Embrace Violent, Unbridled Joy in John Wick: Chapter 3 – Parabellum

If the first chapter in the John Wick chronicles was refreshing and captivating, and the second was bigger and more violent, then the third, Parabellum, completes the circle taking from the films before it: a surprisingly amount of novelty and a very, very high body count.

There are any number of wise attempts to make the beautiful and bloody fight sequences that have made the John Wick franchise so popular appear new and exciting here in the third, maybe final, chapter. And for the most part they all pay off.

Parabellum picks up literally minutes after Chapter 2 ended, which saw John Wick given an hour to do, well, anything, before his assassin services are stripped and a lot of people around the world are looking to collect a $14 million bounty on his head. The rain falls hard, blood seems to still be pouring from Wick’s recent wounds, and the fighting commence swiftly and intensely. Lest you forget some of the earlier scenes in this action series, this film reminds you quickly that it’s not for the faint of heart. Bones crack, knives cut deep, jaws break, and eyeballs are mighty vulnerable – and that’s the first 20 minutes or so. You might squirm, squirm, and let out other guttural reactions to some sudden, and not so sudden, deaths. You’ve been warned.

John (Keanu Reeves) fights his way through the first quarter of the film, a prologue of sorts it seems, before a plan and plot reveals itself. The High Table, a sort of clandestine board of trustees that rules over this world of assassins and demands fealty, is looking to punish those who have may not have acted in the High Table’s best interest on the whole, Wick breaking the rules and killing someone on sacred grounds thing. The Adjudicator, a new face in the series played by non-binary actor Asia Kate Dillon, meets with our cast of returning secondary characters (Charon, Winston, Bowery King), handing out assessments and ultimatums, and enlisting a terrifying new cadre group of sword-wielding slicers and dicers. All the while John seeks out the entity at the very top who can maybe reverse his fortune.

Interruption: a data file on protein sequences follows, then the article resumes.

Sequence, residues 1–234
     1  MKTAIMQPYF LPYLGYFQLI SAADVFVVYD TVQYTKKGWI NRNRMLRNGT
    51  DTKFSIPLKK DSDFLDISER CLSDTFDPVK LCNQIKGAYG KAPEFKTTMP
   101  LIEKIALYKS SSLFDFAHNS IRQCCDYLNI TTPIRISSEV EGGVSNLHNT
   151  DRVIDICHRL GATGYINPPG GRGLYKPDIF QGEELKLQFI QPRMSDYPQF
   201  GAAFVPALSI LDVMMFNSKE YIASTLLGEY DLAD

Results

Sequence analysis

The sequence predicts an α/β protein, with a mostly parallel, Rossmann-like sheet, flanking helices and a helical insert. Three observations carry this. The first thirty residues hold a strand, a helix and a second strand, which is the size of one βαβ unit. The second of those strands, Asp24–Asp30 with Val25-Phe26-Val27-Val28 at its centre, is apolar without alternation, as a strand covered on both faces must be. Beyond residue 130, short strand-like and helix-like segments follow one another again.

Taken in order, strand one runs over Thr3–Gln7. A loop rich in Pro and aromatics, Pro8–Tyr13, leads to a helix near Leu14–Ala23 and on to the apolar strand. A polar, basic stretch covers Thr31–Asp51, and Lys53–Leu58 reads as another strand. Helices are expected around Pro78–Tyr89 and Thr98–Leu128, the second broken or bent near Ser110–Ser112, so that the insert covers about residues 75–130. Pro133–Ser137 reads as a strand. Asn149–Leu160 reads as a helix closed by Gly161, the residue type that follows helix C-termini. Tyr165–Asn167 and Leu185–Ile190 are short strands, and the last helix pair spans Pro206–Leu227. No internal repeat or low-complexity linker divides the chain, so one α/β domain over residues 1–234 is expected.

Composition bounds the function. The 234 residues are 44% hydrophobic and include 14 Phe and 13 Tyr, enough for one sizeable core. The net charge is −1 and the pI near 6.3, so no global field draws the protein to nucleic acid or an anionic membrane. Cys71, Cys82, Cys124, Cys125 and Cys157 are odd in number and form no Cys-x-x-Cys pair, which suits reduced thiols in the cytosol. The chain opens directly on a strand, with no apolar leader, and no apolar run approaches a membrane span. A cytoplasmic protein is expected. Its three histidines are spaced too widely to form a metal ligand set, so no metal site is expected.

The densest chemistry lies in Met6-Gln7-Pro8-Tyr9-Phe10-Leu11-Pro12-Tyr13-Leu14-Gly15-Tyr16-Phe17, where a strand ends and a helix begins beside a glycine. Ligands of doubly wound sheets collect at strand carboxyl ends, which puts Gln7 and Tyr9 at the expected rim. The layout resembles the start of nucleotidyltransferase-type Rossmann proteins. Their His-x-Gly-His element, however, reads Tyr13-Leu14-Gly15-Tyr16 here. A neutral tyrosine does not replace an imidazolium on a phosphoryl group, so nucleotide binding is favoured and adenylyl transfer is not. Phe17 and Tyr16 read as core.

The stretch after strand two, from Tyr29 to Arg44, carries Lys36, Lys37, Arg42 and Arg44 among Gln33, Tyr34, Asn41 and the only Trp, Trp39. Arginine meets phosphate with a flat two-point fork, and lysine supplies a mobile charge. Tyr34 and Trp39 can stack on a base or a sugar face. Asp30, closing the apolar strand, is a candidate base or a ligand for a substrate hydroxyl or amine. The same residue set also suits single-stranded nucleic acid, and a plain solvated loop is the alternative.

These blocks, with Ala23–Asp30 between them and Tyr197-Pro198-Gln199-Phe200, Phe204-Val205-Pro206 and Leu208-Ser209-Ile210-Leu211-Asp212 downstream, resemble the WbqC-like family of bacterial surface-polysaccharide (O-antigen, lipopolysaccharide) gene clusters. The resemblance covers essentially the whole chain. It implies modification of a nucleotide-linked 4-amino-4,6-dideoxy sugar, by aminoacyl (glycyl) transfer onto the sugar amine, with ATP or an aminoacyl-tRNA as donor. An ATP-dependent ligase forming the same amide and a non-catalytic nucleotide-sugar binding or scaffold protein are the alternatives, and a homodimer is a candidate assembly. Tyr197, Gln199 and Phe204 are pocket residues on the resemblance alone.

A lot of choices made by director Chad Stahelski and writer Derek Kolstad play out with more satisfaction that standard sequel fare – this iteration doesn’t so much expand the world envisioned by the second, but explores it. John makes his way to Casablanca where he meets with an old indebted friend (Halle Berry) and her two faithful servants – the four of them battling their ways through a compound is one of the most exhilarating scenes in the franchise in part because of the new blood, the new setting, and an on-point thematic callback.

Also because Halle Berry gets her turn to show off fighting skills like Reeves has done. An overlooked quality of these films is the effortless way they are inclusive, something that seldom happens in action flicks where men are masculine and women are often sex objects or flailing on the sidelines. John Wick and its sequels care not about gender identity, age, or race when it comes to who is a talented fighter and a member of this assassin’s world. Significantly, because the movie is executed to such a convincing and entertaining effect, you don’t notice that worthy parts are given to people of all backgrounds. It’s an easy thing to do, but it’s also rare and refreshing.

So after a sojourn through the desert, John returns to New York to sets up a race to the Continental and a showdown between he and his allies against the High Table’s goons. There are motorcycles, sabres, heavy duty body armor, Vivaldi, and some gorgeous scenery.

The Wick series has always put an important focus on cinematography and elegance in the fighting chaos. The action sequences are meant not only to be easy to follow, but also viscerally exhausting as we go along punch for punch. The filmmakers aren’t trying here to be clever: the fights take place against some stunning environments, including one inside some sort of glass museum with a color-changing digital backdrop. Even faceless mercenaries move and act in a strange, hypnotic fashion in a smoke-filled, dimly light hotel.

It may be a bit on the nose, but it’s unbelievably satisfying and another example of positive fan service in a sequel delivered this year. Even that the High Table seems to have people everywhere, and that this group of demanding, ruthless bureaucrats that rule everything seems like an easy but fitting parable to our real world.

But this is pure escapist, violent, action enjoyment.  Even during a few of the final fight sequences, John’s opponents exclaim how excited they are to fight such a legendary mercenary. There are so many moments of sudden laughter because of how the film is both ridiculous and exhilarating at the same time. This film involves serious people doing serious, impressive work, but it doesn’t mean they don’t know what’s really, really fun.

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